The deprivation must not be arbitrary. The practice of indeterminate prison sentences were challenged in Stafford v UK:
 
 
Stafford v UK [2011] ECHR 1659          Case summary
 
 
The principle of legal certainty applies:
 
 
 
Khlaifia v Italy [2016] ECHR 1124           Case summary
 
 
 

Justifications

 
Deprivation of liberty may be justified on one of the following grounds:
 
Art 5 (1)(a) lawful detention following conviction by a competent court;
Art 5 (1) (b) lawful arrest or detention for non compliance with a court order;
Art 5 (1) (c) lawful arrest or detention where there is a reasonable suspicion of crime.
 
 
 

Art 5 (1)(a) lawful detention following conviction by a competent court

 
Continued detention can not be arbitrary and must be linked to the conviction:
 
 
Stafford v UK [2011] ECHR 1659          Case summary
 


Art 5 (1) (b) lawful arrest or detention for non compliance with a court order

 
 
If the court acts in excess of its jurisdiction the detention may be unlawful:
 
 
Lloyd v UK [2005] ECHR 147   Case summary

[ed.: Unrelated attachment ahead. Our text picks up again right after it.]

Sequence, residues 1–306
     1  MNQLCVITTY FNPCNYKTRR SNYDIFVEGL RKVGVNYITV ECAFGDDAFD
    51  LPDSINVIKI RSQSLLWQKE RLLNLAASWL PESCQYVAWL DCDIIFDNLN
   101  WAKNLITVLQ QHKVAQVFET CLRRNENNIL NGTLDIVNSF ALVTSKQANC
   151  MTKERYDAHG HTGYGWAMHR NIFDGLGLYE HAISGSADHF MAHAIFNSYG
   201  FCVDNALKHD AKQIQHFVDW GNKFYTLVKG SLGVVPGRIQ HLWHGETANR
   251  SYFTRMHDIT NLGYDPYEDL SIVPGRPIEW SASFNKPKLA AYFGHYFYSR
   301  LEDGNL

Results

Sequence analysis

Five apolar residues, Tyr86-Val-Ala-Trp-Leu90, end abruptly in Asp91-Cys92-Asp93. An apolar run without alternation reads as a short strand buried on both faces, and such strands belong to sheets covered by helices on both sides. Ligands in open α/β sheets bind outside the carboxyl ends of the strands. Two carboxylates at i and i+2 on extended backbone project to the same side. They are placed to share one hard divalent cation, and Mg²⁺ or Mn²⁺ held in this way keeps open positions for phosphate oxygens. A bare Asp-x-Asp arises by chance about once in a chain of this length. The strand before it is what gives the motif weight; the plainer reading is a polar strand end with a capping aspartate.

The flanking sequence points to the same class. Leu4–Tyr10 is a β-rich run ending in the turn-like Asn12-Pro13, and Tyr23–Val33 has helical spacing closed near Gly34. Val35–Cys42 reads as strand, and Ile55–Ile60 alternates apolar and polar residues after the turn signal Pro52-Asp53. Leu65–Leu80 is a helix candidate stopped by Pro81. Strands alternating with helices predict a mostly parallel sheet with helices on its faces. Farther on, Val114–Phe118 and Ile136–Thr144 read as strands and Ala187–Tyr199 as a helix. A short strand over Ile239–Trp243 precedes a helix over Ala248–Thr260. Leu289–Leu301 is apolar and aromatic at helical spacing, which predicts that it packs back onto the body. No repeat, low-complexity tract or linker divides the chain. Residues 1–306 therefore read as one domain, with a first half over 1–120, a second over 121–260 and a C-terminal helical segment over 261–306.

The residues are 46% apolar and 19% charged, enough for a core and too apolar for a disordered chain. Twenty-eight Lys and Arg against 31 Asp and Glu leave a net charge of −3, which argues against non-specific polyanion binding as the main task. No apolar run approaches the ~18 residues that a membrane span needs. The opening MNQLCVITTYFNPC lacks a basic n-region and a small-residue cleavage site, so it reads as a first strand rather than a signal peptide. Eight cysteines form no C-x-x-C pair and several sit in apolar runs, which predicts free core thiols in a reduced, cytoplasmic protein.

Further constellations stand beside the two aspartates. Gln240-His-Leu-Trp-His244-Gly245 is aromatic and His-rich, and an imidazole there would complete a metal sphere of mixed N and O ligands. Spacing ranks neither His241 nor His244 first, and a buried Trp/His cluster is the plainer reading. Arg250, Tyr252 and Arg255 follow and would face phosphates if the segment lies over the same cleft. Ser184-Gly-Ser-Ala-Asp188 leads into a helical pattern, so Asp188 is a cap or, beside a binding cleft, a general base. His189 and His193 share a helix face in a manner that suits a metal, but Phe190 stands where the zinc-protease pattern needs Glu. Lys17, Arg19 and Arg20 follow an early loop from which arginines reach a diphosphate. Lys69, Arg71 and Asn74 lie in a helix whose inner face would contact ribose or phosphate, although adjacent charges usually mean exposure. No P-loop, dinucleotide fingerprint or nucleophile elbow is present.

Art 5 (1) (c) lawful arrest or detention where there is a reasonable suspicion of crime

 
 
There must be some facts or information to cause the suspicion, a genuine or honest suspicion is not enough:
 
 
Fox, Campbell & Hartley v UK [1991] ECHR 27    Case summary
 
 
An honest suspicion must be based on reasonable grounds:
 
 
Murray v UK [1994] ECHR 39                  Case Summary
 
 
 
 
 

Right to be informed of reasons for arrest

 
 
 
Art 5 (2). Everyone who is arrested shall be informed promptly, in a language which they understand, of the reasons for the arrest and of any charge against them. 
 
 
A delay of 7 hours was acceptable:
 
 
Fox, Campbell & Hartley v UK [1991] ECHR 27    Case summary
 
 
 

Trial within a reasonable time 

 
Art 5 (3) Everyone arrested or detained shall be brought promptly before a judge or other officer authorised by law to exercise judicial power and shall be entitled to trial within a reasonable time or to release pending trial. Release may be conditioned by guarantees to appear for trial. 
 
This provision includes:
 
1. Right to an independent judicial officer authorised by law
2. Right to release on bail unless custody is justified
3. Right to be tried within a reasonable time